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violent opposition came from those who had been most persistent and most clamorous in their exactions. And as it was unavoidable that, in wielding so terrible and so absolute a power in so terrible a crisis, vast multitudes of active and ambitious men should be disappointed in their expectations of position and personal gain, the renomination of Mr. Lincoln was sure to be contested by a powerful and organized effort.

At the very outset this movement acquired consistency and strength by bringing forward the Hon. S. P. Chase, Secretary of the Treasury, a man of great political boldness and experience, and who had prepared the way for such a step by a careful dispensation of the vast patronage of his department, as the rival candidate. But it was instinctively felt that this effort lacked the sympathy and support of the great mass of the people, and it ended in the withdrawal of his name as a candidate by Mr. Chase himself.

The National Committee of the Union Republican party had called their convention, to be held at Baltimore, on the 8th of June. This step had been taken from a conviction of the wisdom of terminating as speedily as possible all controversy concerning candidates in the ranks of Union men; and it was denounced with the greatest vehemence by those who opposed Mr. Lincoln’s nomination, and desired more time to infuse their hostility into the public mind. Failing to secure a postponement of the convention, they next sought to overawe and dictate its action by a display of power, and the following call was accordingly issued about the 1st of May, for a convention to be held at Cleveland, Ohio, on the 31st day of that month:

TO THE PEOPLE OF THE UNITED STATES.

After having labored ineffectually to defer, as far as was in our power, the critical moment when the attention of the people must inevitably be fixed upon the selection of a candidate for the chief magistracy of the country; after having interrogated our conscience and consulted our duty as citizens, obeying at once the sentiment of a mature conviction and a profound affection for the common country, we feel ourselves impelled,

on our own responsibility, to declare to the people that the time has
come for all independent men, jealous of their liberties and of the national
greatness, to confer together, and unite to resist the swelling invasion of
an open, shameless, and unrestrained patronage, which threatens to in-
gulf under its destructive wave the rights of the people, the liberty and
dignity of the nation.
Deeply impressed with the conviction that, in a time of revolution,
when the public attention is turned exclusively to the success of armies,
and is conseqmently less vigilant of the public liberties, the patronage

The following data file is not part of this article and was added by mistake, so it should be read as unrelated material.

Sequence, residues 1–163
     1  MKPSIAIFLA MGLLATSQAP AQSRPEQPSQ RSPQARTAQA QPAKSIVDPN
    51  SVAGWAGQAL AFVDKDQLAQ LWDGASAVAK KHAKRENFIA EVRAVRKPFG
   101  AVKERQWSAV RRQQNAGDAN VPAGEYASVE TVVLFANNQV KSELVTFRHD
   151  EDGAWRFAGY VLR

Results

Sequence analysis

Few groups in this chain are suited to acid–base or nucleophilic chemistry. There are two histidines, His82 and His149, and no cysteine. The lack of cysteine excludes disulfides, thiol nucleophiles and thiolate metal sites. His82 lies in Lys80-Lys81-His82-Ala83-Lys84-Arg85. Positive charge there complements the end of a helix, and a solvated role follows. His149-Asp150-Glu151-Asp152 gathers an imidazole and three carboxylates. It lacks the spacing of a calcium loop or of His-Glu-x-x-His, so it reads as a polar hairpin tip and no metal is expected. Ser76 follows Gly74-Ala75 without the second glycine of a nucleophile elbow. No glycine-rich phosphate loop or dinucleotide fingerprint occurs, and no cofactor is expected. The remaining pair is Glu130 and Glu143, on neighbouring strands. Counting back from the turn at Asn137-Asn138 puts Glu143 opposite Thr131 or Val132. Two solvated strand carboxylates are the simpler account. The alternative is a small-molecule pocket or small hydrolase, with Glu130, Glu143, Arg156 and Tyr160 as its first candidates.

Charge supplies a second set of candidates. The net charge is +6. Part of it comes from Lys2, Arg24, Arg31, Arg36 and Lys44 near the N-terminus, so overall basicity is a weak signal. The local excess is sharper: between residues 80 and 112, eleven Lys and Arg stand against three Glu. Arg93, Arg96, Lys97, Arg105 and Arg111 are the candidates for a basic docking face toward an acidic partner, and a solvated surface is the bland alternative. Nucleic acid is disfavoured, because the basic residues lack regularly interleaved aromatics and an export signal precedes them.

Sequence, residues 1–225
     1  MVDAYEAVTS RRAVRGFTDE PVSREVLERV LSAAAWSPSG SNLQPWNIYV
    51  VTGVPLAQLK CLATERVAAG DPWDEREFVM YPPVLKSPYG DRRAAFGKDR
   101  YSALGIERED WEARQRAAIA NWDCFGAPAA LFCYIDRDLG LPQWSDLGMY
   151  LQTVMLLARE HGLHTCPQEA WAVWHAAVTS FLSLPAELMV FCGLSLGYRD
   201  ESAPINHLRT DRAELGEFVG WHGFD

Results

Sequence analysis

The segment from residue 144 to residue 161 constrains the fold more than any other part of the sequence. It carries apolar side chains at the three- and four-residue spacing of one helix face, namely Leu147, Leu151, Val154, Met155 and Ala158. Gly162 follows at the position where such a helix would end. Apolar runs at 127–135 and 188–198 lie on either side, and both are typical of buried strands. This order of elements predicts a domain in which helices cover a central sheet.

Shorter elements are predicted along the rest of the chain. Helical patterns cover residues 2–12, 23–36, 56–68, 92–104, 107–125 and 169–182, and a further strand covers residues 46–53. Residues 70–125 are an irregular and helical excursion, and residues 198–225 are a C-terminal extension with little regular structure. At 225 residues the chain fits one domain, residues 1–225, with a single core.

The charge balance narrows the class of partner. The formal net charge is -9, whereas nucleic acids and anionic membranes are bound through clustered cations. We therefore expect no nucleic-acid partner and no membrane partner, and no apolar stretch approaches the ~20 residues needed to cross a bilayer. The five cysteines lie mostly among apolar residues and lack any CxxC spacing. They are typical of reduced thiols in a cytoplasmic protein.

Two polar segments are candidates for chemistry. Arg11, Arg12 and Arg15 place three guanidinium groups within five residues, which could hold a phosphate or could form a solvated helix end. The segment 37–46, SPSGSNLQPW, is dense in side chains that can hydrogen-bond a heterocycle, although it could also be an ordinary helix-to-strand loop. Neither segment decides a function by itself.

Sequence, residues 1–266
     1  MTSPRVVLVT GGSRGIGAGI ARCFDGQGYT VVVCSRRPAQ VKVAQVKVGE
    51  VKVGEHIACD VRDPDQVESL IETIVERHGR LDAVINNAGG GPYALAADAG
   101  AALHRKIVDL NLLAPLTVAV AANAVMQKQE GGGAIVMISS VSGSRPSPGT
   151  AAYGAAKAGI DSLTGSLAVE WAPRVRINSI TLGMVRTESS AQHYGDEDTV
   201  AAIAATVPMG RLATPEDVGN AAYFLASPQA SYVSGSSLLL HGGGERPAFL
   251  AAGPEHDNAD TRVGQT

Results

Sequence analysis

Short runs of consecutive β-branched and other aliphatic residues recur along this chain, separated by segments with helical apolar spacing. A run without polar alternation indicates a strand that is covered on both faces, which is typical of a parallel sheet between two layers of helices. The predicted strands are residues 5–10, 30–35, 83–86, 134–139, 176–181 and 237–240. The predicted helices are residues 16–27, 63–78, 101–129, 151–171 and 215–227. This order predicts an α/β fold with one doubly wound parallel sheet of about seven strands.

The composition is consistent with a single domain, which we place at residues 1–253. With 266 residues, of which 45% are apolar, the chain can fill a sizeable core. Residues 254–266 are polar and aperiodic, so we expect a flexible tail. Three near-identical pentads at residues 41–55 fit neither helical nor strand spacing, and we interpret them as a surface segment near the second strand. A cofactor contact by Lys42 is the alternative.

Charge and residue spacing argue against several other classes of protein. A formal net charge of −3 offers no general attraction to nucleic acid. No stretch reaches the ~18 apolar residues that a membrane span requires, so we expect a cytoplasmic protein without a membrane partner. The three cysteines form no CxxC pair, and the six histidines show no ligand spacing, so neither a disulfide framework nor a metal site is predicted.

derived from the organization of an army of a million of men, and an
administration of affairs which seeks to control the remotest parts of the
country in favor of its supreme chief, constitute a danger seriously
threatening the stability of republican institutions, we declare that the
principle of one term, which has now acquired nearly the force of law
by the consecration of time, ought to be inflexibly adhered to in the ap-
proaching election.
We further declare, that we do not recognize in the Baltimore Conven-
tion the essential conditions of a truly National Convention. Its prox-
imity to the centre of all the interested influences of the administration, its
distance from the centre of the country, its mode of convocation, the
corrupting practices to which it has been and inevitably will be sub.
jected, do not permit the people to assemble there with any expecta-
tion of being able to deliberate at full liberty. Convinced as we are
that, in presence of the critical circumstances in which the nation is
placed, it is only in the energy and good sense of the people that the
general safety can be found ; satisfied that the only way to consult it is
to indicate a central position, to which every one may go without too
much expenditure of means and time, and where the assembled people,
far from all administrative influence, may consult freely and deliberate
peaceably, with the presence of the greatest possible number of men,
whose known principles guarantee their sincere and enlightened devotion
to the rights of the people and to the preservation of the true basis of
republican government, we earnestly invite our fellow-citizens to unite
at Cleveland, Ohio, on Tuesday, May 31, current, for consultation and
concert of action in respect to the approaching Presidential election.

Two other calls were issued after this, prominent among the signers of which were some of the Germans of Missouri and some of the old Radical Abolitionists of the East.

The convention thus summoned met at the appointed time, about one hundred and fifty in number. No call had ever been put forward for the election of delegates to it, and no one could tell whether its members represented

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any constituency other than themselves. They came from
fifteen different States and the District of Columbia, but
every one knew that at the East the movement had no
strength whatever. An effort was made by some of
them to bring forward the name of General Grant as a
candidate, but the friends of Fremont formed altogether
too large a majority for that.
General John Cochrane, of New York, was chosen to
preside over the convention. In the afternoon the plat-
form was presented, consisting of thirteen brief resolu-
tions, favoring the suppression of the rebellion, the pres-
ervation of the habeas corpus, of the right of asylum, and
the Monroe doctrine, recommending amendments of the